1. Grains – wheat, corn, rice, cereal, pasta
  2. Sugar – honey, agave
  3. Fruit – apples, bananas, oranges
  4. Tubers – potatoes, yams, anything that is a starch

Once the higher carbohydrate foods are removed, the following healthy fats should be added into the diet plan:

  1. Meat – fish, beef, lamb, eggs, poultry, shellfish
  2. Leafy greens – spinach, kale
  3. High fat dairy – butter, high fat cream, hard cheeses
  4. Above ground vegetables – broccoli, cauliflower, cabbage, green beans
  5. Avocados & berries – raspberries, blackberries, any berry that has low glycemic impact
  6. Sweeteners – stevia, low carb sweeteners
  7. Other fats – coconut oil, high – fat salad dressing, nut butters

If keto is being done specifically for weight loss, also consider keeping net carb intake at between 20-30g. Net carbs are the total amount of dietary carbohydrates minus the the total fiber. But remember, when starting any diet, you are going to come down with the “flu.” Keto flu symptoms start to take shape when the body transitions from burning sugars for energy to burning flat. Symptoms can range anywhere from sugar cravings to stomach pains, nausea, cramping, and confusion.

Not only is the keto diet a great way to go from a high to low intake of carbs, it also helps with a variety of other health and everyday lifestyle changes. This is a great way to control blood sugar levels, increase mental performance, increase energy and normalize hunger, lower cholesterol and blood pressure, and improve skin by reducing the likelihood of acne.

Best Methods for a Low-Carb Diet

Originally published on ZeeshanHoodbhoy.com

Individuals on low-carb diets may find it difficult to provide their bodies with satisfaction in terms of food, but lowering one’s intake of carbohydrates can be incredibly beneficial health-wise. While these compounds are essential for energy, many people replace carbs with proteins, healthy fats, fruits, and vegetables. So, why partake in a low-carb diet?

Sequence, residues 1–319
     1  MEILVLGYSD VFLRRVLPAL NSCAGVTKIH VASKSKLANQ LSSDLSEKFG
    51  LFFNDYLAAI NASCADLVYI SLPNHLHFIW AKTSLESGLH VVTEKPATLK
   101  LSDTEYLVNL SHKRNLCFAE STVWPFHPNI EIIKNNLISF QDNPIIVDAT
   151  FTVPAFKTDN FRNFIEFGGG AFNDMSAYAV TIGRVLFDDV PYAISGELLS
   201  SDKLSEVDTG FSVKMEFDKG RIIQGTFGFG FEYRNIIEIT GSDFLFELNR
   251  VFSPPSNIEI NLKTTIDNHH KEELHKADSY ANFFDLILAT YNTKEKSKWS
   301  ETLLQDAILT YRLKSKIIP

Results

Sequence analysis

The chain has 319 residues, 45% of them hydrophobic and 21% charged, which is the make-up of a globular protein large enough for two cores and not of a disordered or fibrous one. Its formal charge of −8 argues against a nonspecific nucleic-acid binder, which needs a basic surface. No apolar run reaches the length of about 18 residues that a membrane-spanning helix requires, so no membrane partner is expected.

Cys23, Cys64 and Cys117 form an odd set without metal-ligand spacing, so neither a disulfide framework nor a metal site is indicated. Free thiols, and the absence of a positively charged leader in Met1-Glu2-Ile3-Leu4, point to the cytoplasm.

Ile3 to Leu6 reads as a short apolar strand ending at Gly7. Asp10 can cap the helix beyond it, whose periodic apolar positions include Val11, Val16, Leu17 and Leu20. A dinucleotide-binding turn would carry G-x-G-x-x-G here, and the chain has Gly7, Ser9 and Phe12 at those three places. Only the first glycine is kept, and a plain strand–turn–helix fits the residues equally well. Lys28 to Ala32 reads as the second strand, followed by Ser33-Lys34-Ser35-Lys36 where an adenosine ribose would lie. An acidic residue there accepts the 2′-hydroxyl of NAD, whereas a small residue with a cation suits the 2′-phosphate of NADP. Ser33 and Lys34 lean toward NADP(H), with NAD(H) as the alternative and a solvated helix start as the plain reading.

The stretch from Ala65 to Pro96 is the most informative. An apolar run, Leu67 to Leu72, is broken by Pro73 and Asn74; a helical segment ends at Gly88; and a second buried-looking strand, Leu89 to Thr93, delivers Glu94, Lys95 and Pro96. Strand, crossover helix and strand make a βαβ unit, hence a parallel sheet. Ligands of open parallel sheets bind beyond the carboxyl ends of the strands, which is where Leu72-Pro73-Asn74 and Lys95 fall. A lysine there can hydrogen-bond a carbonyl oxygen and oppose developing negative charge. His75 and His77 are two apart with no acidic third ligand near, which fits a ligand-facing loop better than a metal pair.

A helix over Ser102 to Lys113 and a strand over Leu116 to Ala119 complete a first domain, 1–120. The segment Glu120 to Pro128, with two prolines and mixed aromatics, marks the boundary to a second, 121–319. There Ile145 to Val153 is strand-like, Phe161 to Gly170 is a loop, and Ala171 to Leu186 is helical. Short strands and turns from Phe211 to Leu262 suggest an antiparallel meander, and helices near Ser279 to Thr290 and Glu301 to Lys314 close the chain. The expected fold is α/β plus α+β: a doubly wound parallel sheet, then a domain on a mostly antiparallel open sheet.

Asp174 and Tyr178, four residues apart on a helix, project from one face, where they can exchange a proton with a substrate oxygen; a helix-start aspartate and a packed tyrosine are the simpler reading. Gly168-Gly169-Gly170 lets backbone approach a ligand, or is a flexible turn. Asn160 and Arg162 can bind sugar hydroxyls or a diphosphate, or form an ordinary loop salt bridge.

One of the more popular reasons why people choose to go on low-carb diets is because they are looking to lose weight. The notion of ‘carbs = fat’ is fairly common, and while it does hold some truth, it should not be the entire basis for choosing this diet.

Because the human body stores carbohydrates, which can later become fat if not used for energy, many people seem to think that cutting out carbs entirely will result in no fat gained. However, research has shown that after 12 months, individuals on a low-carb diet did not lose more weight than those on a low-fat diet. This can make finding the right balance challenging. But, the following tips can help alleviate those challenges, and help you stick your low-carb fast.

Know Low-Carbs

There are many foods available that are low in carbohydrates, including lean meats such as chicken, pork, or sirloin. Others include fish, eggs, leafy green vegetables, nuts, apples, and blueberries. If cutting dairy out of your diet proves more challenging than expected, whole milk and plain Greek yogurt are low-carb as well.

Plan Your Meals

Planning your meals ahead of time can save a lot of hassle, especially for those with strict dietary restrictions. Knowing what you are going to eat for breakfast, lunch, and dinner every day that week is a great way to prevent you from falling off the wagon. Similar to this tactic, meal prepping is just as, if not more effective. Cooking and creating all of your meals for the week allows you to stick to this diet, and avoid giving into cravings such as sweets or fast food. Additionally, this can save you a decent amount of money in the long run.

Know the Different Carbs

Carbohydrates can be categorized as simple or complex. Simple carbs are comprised of easy sugars to digest, which include white sugar and flour. Complex carbs take much longer to digest, and are found in nutrient-rich foods like beans, whole grains, and fiber-heavy fruits. These also tend to make people feel fuller faster. When on a low-carb diet, try to reduce your intake of refined or processed carbs.